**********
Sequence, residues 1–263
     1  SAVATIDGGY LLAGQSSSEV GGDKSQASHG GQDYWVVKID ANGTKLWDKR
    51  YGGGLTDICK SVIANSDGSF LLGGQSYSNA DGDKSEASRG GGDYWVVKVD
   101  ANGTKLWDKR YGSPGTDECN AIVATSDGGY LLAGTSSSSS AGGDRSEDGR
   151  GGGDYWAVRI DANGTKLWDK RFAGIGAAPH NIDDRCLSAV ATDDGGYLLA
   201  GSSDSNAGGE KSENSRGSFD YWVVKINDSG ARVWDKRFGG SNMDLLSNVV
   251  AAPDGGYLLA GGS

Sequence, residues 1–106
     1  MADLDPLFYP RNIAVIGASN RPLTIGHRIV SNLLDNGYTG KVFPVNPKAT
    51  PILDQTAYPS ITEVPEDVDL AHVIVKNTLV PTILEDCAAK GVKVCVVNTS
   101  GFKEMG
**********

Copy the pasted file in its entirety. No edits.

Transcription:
Sequence, residues 1–263
     1  SAVATIDGGY LLAGQSSSEV GGDKSQASHG GQDYWVVKID ANGTKLWDKR
    51  YGGGLTDICK SVIANSDGSF LLGGQSYSNA DGDKSEASRG GGDYWVVKVD
   101  ANGTKLWDKR YGSPGTDECN AIVATSDGGY LLAGTSSSSS AGGDRSEDGR
   151  GGGDYWAVRI DANGTKLWDK RFAGIGAAPH NIDDRCLSAV ATDDGGYLLA
   201  GSSDSNAGGE KSENSRGSFD YWVVKINDSG ARVWDKRFGG SNMDLLSNVV
   251  AAPDGGYLLA GGS

Sequence, residues 1–106
     1  MADLDPLFYP RNIAVIGASN RPLTIGHRIV SNLLDNGYTG KVFPVNPKAT
    51  PILDQTAYPS ITEVPEDVDL AHVIVKNTLV PTILEDCAAK GVKVCVVNTS
   101  GFKEMG